Published 4 November 2020

Death far away from families

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Death far away from families

Press Release from the French National Academy of Medicine

November 4, 2020


With the second wave of Covid-19 and the rapid increase in the number of deaths, the introduction of a new containment leads us to recall a few principles on the support of bereaved families.

Any death of a loved one, a fortiori unexpected or brutal, is a confrontation with the end of a common history, or even an unfinished story. Emotional ambiguities and sometimes unresolved conflicts, grey areas that can no longer be dealt with, survive the ordeal of separation. The words that we promised ourselves to say one day will be lost forever.

Every family faced with the pain of a definitive separation is in search of information, of understanding: how did death occur, how did the parent cope with it? Did he or she suffer?

After a first reaction of denial, usual at the time of the announcement, comes the awareness of the reality of death and the fate of the body. These are all questions that call for answers.

The final glance at the deceased is an irreplaceable moment, for many necessary, the cornerstone of acceptance. This confrontation must be proposed as far as possible, in compliance with health safety rules, to the person of trust, the family, and close relatives.

Faced with the death of a loved one, each behavior is special. It is important to respect the choices of each family in their cultural and religious dimensions, to the best of its ability.

The epidemic of Covid-19 and the constraints of containment prevent many families from accompanying the end of life of a relative, especially in the case of residents in EHPAD (Sheltered Home for Elderly Dependent Persons).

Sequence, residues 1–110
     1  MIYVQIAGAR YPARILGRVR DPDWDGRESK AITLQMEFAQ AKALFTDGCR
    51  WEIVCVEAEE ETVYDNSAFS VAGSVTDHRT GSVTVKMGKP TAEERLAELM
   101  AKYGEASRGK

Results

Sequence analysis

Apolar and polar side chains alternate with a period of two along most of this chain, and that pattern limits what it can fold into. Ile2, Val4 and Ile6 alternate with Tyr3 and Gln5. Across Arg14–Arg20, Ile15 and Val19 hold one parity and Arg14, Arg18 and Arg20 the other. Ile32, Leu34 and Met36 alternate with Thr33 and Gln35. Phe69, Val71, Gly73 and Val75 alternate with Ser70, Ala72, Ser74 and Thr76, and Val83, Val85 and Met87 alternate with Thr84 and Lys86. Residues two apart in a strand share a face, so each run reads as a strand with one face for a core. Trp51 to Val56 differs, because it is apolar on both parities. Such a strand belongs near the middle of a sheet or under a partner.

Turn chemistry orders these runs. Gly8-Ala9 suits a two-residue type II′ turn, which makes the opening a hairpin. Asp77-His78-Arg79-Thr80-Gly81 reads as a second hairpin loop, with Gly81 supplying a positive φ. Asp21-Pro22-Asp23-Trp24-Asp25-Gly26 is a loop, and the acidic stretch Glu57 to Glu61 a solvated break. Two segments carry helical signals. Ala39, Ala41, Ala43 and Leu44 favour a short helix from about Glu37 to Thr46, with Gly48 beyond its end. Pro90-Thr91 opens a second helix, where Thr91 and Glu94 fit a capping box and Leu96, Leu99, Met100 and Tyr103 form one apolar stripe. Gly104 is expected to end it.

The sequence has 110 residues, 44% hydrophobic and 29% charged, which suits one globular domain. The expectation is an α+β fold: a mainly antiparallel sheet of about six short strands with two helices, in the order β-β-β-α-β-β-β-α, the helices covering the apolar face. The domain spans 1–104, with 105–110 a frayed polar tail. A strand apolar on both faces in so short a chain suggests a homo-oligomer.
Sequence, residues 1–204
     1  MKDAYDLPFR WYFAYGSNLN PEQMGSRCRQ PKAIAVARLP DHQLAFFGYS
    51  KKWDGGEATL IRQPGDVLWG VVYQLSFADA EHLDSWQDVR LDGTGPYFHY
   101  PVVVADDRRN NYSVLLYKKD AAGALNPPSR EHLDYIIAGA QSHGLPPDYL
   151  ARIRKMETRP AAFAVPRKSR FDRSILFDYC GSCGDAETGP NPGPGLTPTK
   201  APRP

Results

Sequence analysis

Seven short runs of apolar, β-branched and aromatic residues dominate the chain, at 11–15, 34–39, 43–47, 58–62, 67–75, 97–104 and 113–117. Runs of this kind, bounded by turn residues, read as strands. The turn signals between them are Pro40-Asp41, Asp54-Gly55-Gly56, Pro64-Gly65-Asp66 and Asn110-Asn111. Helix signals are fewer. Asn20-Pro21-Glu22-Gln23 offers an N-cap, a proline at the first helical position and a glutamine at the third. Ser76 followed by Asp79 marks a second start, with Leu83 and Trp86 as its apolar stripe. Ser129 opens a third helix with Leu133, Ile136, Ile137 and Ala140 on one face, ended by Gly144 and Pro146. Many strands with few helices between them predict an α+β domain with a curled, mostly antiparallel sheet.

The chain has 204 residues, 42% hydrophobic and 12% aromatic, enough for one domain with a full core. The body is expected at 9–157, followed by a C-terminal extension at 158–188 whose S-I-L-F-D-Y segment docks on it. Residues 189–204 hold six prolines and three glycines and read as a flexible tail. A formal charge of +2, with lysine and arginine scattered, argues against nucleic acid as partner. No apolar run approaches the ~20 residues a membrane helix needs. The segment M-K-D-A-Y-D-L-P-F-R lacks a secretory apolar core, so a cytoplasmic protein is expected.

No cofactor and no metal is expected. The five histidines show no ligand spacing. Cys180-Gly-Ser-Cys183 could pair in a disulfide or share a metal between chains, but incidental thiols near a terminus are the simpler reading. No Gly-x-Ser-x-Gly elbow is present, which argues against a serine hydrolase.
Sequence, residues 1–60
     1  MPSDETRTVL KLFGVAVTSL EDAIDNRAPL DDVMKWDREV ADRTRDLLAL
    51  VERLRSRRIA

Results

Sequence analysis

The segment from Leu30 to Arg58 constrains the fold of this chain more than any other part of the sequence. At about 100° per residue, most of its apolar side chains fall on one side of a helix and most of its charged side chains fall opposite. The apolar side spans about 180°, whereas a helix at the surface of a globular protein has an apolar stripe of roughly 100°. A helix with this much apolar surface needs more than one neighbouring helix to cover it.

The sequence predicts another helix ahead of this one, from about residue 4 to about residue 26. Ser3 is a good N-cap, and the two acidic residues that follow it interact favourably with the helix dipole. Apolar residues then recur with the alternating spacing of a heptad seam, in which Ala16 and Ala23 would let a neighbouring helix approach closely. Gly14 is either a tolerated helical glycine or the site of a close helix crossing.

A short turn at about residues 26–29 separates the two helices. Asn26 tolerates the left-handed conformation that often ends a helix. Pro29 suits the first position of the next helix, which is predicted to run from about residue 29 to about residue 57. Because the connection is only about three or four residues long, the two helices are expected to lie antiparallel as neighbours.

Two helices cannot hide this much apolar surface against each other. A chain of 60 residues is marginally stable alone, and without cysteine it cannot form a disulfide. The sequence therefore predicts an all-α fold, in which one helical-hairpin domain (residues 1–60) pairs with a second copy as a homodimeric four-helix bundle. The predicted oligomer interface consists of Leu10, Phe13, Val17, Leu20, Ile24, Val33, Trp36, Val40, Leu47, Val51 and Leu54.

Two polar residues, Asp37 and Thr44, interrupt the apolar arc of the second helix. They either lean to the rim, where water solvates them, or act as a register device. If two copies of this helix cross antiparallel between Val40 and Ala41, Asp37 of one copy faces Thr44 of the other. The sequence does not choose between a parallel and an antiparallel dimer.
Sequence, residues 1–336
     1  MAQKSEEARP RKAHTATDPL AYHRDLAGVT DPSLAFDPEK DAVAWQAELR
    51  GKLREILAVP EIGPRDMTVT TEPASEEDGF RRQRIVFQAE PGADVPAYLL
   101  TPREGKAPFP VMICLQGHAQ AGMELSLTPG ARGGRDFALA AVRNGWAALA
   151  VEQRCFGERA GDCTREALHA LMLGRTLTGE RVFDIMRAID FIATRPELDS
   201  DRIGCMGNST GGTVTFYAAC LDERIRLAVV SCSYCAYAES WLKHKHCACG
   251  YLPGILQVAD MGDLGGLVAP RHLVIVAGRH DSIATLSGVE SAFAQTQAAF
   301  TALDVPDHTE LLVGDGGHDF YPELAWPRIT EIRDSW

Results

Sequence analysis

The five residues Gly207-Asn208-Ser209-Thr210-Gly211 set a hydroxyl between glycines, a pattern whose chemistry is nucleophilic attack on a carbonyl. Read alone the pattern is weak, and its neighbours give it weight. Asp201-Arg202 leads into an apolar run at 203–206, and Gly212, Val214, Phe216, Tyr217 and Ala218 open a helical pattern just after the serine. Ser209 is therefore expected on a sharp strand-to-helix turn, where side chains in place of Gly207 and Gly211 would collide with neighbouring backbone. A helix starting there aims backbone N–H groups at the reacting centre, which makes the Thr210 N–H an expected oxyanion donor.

The failure to present the body, justified by health safety grounds requiring immediate coffin-battering in a closed coffin, underestimates the need to represent reality, generating feelings of dispossession, even guilt, and worsens the perception of an unfinished emotional story.

Some practices can help: a photograph of the deceased’s face recorded by a caregiver and kept in the hospital medical file available to the family, the availability of the nursing and medical entourage, an interview with a member of the care team, a psychologist, or psychiatrist.

In order to humanize the circumstances of mourning in an epidemic period, the Academy of Medicine recommends:

– to maintain the possibility of visiting a resident in EHPAD, while respecting the rules of health safety, and to facilitate the conditions of the family presence when the medical prognosis suggests a close end;

– to invite the families deprived of proximity to their loved one during the last stages of his/her life, if they wish, to meet a representative of the care or accompaniment team in order to  trace the conditions of departure of the loved one.